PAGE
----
The insured’s residence sustained hail damage during the storm on 5/11/16. The insurance company has already paid to have the roof, gutters, some deck boards, painting and one window to be replaced. There is a dispute as to the cause of the leaking from a kitchen window and failed seals in a basement window.
RESULTS OF INVESTIGATION
Double-pane windows have a space between the panes filled with air or inert gas. As the window is exposed to varying temperatures, the fill and the seal around it both expand and contract. On a daily basis, multi-pane windows are subjected to a range of weather conditions, primarily temperature changes. In the evening, the window components (including the gas between the panes of glass) lower in temperature. During the daytime, windows will increase in temperature, particularly those exposed to direct sunlight. Like any material, the trapped gas will expand when heated. This leads to a daily cycling of pressures within the window unit. In the industry this phenomenon is referred to as solar or thermal pumping.
Eventually this causes the seal to break down, letting in outside air and, with it, moisture. Over time, as the seals deteriorate, thermal pumping stresses the seals between the glass. Eventually small fractures will develop and grow. These fractures allow increasing amounts of infiltration and exfiltration of air between the panes. Manufacturers recognize and expect this to eventually occur. In addition to the seal, some manufacturers also add a desiccant between the glass panes. The desiccant will mitigate any moisture that finds its way into the window. However, the desiccant is limited and eventually it will become saturated, allowing moisture to condense on the inside of the panes.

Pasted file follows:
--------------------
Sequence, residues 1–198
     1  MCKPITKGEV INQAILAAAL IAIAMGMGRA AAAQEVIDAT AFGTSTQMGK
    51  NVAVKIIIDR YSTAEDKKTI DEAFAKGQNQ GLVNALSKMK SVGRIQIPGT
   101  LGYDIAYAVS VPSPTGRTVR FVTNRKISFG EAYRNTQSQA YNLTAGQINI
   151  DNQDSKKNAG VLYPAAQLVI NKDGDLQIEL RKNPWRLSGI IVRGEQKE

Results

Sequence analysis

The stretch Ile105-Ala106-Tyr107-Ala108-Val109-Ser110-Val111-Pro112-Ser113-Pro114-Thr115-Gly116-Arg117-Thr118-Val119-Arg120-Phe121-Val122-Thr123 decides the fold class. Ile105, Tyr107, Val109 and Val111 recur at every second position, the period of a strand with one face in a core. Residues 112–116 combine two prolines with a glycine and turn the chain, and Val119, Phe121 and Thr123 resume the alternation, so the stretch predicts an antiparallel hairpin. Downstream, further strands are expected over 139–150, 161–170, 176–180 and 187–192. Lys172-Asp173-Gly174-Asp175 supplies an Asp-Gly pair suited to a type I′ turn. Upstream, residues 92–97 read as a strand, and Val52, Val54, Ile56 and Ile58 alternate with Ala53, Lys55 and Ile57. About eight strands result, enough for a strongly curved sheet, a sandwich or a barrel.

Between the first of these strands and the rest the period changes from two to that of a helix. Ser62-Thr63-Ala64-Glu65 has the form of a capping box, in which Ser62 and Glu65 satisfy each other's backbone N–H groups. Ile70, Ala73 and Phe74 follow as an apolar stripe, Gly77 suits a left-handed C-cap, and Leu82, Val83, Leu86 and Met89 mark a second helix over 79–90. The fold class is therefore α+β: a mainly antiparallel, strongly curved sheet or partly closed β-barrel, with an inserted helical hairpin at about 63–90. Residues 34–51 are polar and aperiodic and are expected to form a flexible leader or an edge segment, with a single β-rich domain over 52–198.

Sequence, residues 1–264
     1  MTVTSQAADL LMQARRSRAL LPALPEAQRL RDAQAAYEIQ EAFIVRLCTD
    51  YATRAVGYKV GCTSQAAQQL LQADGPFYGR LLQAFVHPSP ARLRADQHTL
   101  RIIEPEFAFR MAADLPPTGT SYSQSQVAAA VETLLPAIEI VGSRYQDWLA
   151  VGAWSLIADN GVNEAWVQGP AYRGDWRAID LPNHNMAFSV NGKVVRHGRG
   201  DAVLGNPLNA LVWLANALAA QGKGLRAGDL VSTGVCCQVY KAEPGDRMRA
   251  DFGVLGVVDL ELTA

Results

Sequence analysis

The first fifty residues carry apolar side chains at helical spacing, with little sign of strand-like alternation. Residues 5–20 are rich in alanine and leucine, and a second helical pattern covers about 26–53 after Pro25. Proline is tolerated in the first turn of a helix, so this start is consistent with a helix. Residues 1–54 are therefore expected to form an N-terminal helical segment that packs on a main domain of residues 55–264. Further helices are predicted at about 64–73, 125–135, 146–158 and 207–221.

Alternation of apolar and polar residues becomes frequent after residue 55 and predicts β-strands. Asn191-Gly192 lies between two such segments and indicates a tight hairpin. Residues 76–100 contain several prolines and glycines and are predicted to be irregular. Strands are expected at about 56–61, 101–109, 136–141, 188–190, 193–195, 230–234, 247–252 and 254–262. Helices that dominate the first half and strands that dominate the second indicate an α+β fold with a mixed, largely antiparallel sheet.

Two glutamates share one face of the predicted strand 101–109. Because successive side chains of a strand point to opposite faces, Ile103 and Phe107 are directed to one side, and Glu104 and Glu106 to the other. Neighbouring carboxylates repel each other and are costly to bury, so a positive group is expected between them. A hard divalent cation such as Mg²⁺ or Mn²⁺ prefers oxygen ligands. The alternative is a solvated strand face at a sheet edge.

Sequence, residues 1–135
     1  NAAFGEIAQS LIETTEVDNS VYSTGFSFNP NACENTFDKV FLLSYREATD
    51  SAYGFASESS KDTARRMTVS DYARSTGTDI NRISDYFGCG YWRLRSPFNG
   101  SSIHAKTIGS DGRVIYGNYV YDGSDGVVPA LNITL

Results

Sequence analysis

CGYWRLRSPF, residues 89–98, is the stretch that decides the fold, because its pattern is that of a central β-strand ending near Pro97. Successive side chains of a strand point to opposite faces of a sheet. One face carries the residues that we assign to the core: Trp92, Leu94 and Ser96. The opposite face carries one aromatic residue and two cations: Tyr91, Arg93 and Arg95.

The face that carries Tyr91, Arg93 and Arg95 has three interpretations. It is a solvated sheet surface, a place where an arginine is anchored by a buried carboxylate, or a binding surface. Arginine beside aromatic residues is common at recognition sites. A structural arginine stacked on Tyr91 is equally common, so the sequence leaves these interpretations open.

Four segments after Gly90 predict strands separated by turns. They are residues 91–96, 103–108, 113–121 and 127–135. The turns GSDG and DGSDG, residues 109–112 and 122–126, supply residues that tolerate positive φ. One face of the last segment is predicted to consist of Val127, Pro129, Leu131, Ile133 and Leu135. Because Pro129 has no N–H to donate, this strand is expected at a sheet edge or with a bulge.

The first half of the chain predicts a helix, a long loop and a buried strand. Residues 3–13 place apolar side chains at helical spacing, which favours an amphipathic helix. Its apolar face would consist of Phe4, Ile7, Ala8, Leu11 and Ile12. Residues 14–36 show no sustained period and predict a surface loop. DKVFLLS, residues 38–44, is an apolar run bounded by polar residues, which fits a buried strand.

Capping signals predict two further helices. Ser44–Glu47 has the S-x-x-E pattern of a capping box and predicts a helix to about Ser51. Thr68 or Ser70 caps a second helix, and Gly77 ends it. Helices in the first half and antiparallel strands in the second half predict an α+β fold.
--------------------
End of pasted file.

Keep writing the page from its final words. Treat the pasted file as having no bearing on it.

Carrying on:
This phenomena will eventually occur in any window. Double-pane windows typically can last 8 to 20 years
Wood is naturally very thermally efficient, and it’s easy to work with, which makes it easier to find custom shapes. Maintenance is the greatest downside with wood windows because they require painting and sealing. It is apparent from the peeling paint, these wood frames have not been maintained properly.
Time since the storm and the extent of the fogging can provide good insight as to whether or not a storm was related. After a seal has failed, it takes time for moist air to enter the space between the glass panes. Further, the development of condensation is dependent on the presence of moist air. Once moist air has entered the space between panes, there is a progression of fogging. It begins as light translucent condensation, progresses as mist with water droplets, and finally becomes a thick opaque white haze as the water evaporates and condenses repeatedly, leaving the minerals in the water behind. Note that this process takes a long time.
Based on the preponderance of evidence observed during our investigation, the following concluding opinions are warranted: